Wealthy Kenyans and companies banked Sh1.03 billion daily in fixed bank deposits last month in search of safety for their investments amid the gradual recovery of the economy from Covid-19 hardships.
Central Bank of Kenya (CBK) data shows that fixed bank deposits held by Kenyans hit a historic high of Sh1.598 trillion in July, up from Sh1.567 trillion in June, marking one of the biggest monthly jumps.
The Sh30.85 billion cash increase in fixed accounts, equivalent to Sh1.03 billion daily, is an indication that rich individuals and big companies are protecting their value rather than seeking new areas to invest their fortunes.
A slowdown in business activities and the uncertain future caused by the effects of the pandemic have forced many companies and investors to hold onto cash, leading to a pile-up in bank accounts.
Uncertainty at the stock market and a slump in real estate have also seen the rich opt to keep cash in banks and tap interest returns, which stood at an average of 6.37 percent in June.
Chief Economist at Mentoria Economics Ken Gichinga says the investment environment remains fragile amid concerns about the spread of new Covid-19 variants. The mounting cash in fixed deposits comes amid fears that the highly contagious Covid-19 Delta variant may spark the fourth wave of infections in Kenya.
The US and the United Kingdom have tightened restrictions on travel to Kenya by their nationals due to the spread of the variants. “This (rise in fixed deposits) talks of limited options for investors. It also means they see the interest rates offered on their money as high enough to beat the returns in the current real economy, said Mr Gichinga.
“Investors are not spending as much as they should to support growth in real economy and this is a worry. The high return on government paper worsens the situation further.”
A July CBK survey found that many companies expected moderate to weak economic growth due to a slow vaccine rollout, subdued activities in sectors such as hospitality and a possible return of containment measures that could dent economic recovery.
The survey showed 54 percent of non-bank private firms drawn from sectors such as agriculture, real estate and manufacturing expected moderate economic activity while a quarter saw weak prospects.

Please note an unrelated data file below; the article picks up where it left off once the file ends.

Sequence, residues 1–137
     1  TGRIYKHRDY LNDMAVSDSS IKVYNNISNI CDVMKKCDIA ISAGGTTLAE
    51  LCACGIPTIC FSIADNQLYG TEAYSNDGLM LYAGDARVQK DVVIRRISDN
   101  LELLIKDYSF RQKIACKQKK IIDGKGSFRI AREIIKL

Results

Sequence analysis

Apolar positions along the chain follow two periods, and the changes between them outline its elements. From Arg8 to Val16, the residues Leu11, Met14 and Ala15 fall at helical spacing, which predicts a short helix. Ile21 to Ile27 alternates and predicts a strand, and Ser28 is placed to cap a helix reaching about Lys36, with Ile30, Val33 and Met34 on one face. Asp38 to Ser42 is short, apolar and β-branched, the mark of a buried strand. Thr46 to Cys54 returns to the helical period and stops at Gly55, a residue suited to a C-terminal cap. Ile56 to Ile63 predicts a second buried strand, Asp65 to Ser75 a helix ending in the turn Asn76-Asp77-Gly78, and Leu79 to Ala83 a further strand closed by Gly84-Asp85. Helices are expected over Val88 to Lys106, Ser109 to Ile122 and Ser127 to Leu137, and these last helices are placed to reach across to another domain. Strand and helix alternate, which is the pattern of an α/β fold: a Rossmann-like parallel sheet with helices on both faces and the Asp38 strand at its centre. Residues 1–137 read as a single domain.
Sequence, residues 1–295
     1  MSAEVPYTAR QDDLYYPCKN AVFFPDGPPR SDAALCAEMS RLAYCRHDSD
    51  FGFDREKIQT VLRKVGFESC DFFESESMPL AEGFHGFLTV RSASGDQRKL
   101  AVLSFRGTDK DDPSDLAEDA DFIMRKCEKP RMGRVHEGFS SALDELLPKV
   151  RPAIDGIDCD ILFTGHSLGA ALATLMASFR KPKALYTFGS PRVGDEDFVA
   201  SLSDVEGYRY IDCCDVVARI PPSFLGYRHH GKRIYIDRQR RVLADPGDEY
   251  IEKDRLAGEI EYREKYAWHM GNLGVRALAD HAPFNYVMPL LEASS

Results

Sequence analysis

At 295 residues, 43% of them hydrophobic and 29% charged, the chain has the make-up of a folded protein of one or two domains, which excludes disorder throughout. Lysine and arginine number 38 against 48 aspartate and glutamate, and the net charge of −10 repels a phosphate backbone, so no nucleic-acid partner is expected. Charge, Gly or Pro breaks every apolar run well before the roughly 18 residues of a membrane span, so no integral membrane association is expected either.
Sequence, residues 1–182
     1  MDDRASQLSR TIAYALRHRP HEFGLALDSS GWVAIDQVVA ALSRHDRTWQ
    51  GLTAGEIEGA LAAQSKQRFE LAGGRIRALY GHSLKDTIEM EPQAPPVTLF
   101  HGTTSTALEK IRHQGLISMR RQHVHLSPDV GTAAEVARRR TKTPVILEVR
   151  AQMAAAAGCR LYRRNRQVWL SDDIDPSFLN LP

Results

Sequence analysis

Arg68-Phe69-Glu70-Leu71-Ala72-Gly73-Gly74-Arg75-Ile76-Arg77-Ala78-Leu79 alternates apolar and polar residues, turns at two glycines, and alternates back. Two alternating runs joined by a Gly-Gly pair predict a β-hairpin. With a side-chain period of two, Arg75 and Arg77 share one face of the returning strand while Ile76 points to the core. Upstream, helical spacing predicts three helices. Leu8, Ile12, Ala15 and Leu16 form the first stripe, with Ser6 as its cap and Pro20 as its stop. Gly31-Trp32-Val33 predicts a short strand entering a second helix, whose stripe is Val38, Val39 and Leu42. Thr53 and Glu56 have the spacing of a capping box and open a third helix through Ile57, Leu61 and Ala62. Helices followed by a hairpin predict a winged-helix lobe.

“Across all sectors, reduced consumer demand and increased taxation were identified, among others, as significant factors that could constrain expansion/growth of private sector firms over the next 12 months,” said the CBK.
About 43 percent of CEOs expected their production volumes to remain the same while 13 percent expected a drop, offering a glimpse into reasons why expansion is not top of their agenda.
Kenya emerged from prolonged lockdown measures in October last year, giving the economy a boost, but it has since been forced into several partial lockdown measures by new waves of infections.
The CBK survey findings echoed those of Stanbic Bank Kenya Purchasing Managers’ Index (PMI), which showed the pace of growth in Kenya’s private sector slowed down for the second straight month in July.
This was weighed down by sluggish orders for firms and higher costs of materials.
The Markit Stanbic Bank Kenya Purchasing Managers’ Index (PMI) fell to 50.6 in July from 51.0 the previous month. The 50.0 mark separates growth from contraction.
“Domestic demand improved by the second slowest pace since the lifting of public health restrictions after the first wave of pandemic,” said Kuria Kamau, fixed income and currency strategist at Stanbic Bank.
The latest figure means fixed deposits have now increased by 14 percent or Sh196.2 billion since the onset of Covid-19 in Kenya in mid-March last year.
The performance of Kenya’s economy in 2020 was hit by the effects of the pandemic and restrictions that were put in place to contain its spread, forcing many businesses to close and send their employees home or subject those retained to pay cuts.
Firms have shelved expansion plans under the current economic setting, pushing them to keep funds in fixed accounts awaiting full recovery of the economy.
Kenya’s economy has been picking up after likely posting a slight contraction of 0.1 percent in 2020, the IMF said.
The IMF forecast a sharp swing to growth of 7.6 percent in 2021 and 5.7 percent in 2022, but said Kenya continued to face challenges returning to durable growth, and its past gains in poverty reduction had been reversed.
While companies see the money in banks as a buffer against hard times, it has long riled investors, who say executives should invest it for growth or return it to shareholders.